Except from pages 6 and
When they arrived at the station, Cooley escorted his suspect into
Interrogation Room Number Two. Aptly named the “sweat room,” Number Two
was a twelve-foot-square cubicle with pale green walls, fluorescent
tubes set into acoustic tile overhead, and a two-way mirror in the door
for viewing lineups. Miranda’s interview began at approximately 10:30
a.m. Without hesitating, Cooley and Young confronted Miranda with
selective facts of Patricia Doe’s rape. Miranda denied any involvement
and said he was at work the night Patricia was abducted. When they asked
him about Barbara Doe’s robbery, he denied any knowledge or
participation. Cooley then asked Miranda to stand in a lineup for the
victims of both crimes, telling him they would take him home as soon as
the victims cleared him. Cooley later freely admitted to misleading
Miranda about his knowledge of the crimes under investigation but noted
that the cordial, sympathetic approach he used in talking to Miranda
helped establish a rapport with the suspect. Besides, it was common for
officers to engage in a certain amount of deception. Good detectives,
for instance, usually implied that they knew more about a case than they
Unfortunately, although Patricia and Barbara both thought number one
(Miranda) looked like the man, they couldn’t be positive. “I was
somewhat dejected and frustrated,” Cooley recalled in his later account,
and, unsure what approach to use next, he returned to the interview room
where Miranda waited alone. Noting the gravity of the officer’s
demeanor, Miranda shifted uneasily in his chair and asked, “How did I
“Not too good, Ernie,” replied Cooley, noticing Miranda’s concern.
“They identified me then?” Miranda asked.
“Yes, Ernie, they did,” Cooley replied gravely.
“Well,” said Miranda resignedly, “I guess I’d better tell you about it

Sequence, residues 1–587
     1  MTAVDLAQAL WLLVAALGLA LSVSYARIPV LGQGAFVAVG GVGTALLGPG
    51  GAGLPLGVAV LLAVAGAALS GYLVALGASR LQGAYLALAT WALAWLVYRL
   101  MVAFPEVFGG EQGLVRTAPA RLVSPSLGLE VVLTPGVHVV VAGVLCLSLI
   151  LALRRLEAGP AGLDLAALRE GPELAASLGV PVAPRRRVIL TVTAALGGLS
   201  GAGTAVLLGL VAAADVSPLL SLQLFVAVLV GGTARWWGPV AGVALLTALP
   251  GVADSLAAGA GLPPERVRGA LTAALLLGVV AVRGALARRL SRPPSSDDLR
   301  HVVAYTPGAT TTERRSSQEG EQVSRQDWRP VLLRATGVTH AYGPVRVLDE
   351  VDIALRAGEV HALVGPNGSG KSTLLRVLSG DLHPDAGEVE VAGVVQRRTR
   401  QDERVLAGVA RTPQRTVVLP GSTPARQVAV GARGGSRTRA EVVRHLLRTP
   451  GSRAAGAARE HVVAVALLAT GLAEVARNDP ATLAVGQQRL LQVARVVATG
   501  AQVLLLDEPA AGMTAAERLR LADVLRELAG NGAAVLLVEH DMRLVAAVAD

Somewhat surprised, Cooley gave Miranda a copy of the standard statement
form, having already filled in the top four lines:
SUBJECT: Rape DR
STATEMENT OF: Ernest Arthur Miranda
TAKEN BY: C. Cooley
#413-W. Young #182
DATE: 3-13-63; TIME: 1:30 p.m.
PLACE TAKEN: Interr
At the top of this standard form was a paragraph that read:
I, _______________, do hereby swear that I make this statement
voluntarily and of my own free will, with no threats, coercion, or
promises of immunity, and with full knowledge of my legal rights,
understanding any statement can be used against me. I, _____________, am
_____ years of age and have completed the ________ grade in school.
Miranda wrote his name, recorded his age as twenty-three, and the grade
completed as eighth. Then, in the provided space below, he wrote:
Seen a girl walking up street stopped a little ahead of her got out of
car walked towards her grabbed her by the arm and asked to get in car.
Got in car without force tied hands and ankles. Drove away for a few
mile. Stopped asked to take clothes off. Did not, asked me to take her
back home. I started to take clothes off her without any force and with
cooperation. Asked her to lay down and she did. Could not get penis into
vagina got about 1/2 (half) inch in. Told her to get clothes back on.
Drove her home. I couldn’t say I was sorry for what I had done but asked
her to pray for me.
When he’d finished, Miranda signed the form again at the bottom, beneath
the statement: “I have read and understand the foregoing statement and
hereby swear to its truthfulness.” Detectives Cooley and Young signed
the document as witnesses.
Miranda also confessed, although not in writing, to robbing Barbara Doe
in November 1962 and admitted attempting to rob Sylvia Doe in February
1963. Cooley, not wanting to risk jeopardizing Miranda’s successful
prosecution in the rape case by opening his written confession to attack
because of the mention of other, unrelated crimes,”
did not ask Miranda for a written confession in these other two cases.
After Miranda signed his handwritten confession, Cooley brought Patricia
Doe into Interrogation Room Number Two, and Cooley asked Miranda to
state his name. Miranda did so and, in Patricia’s presence, told Cooley
and Young that he recognized her. “She’s the one I was talking about,”
he said. Patricia later remembered that he said, “She’s the one.”
Barbara Doe was then led into the interrogation room, and in her
presence Miranda told Cooley and Young that he recognized her as well.
Both young women later testified that based on this interaction they
were “sure” he was the man who had accosted them.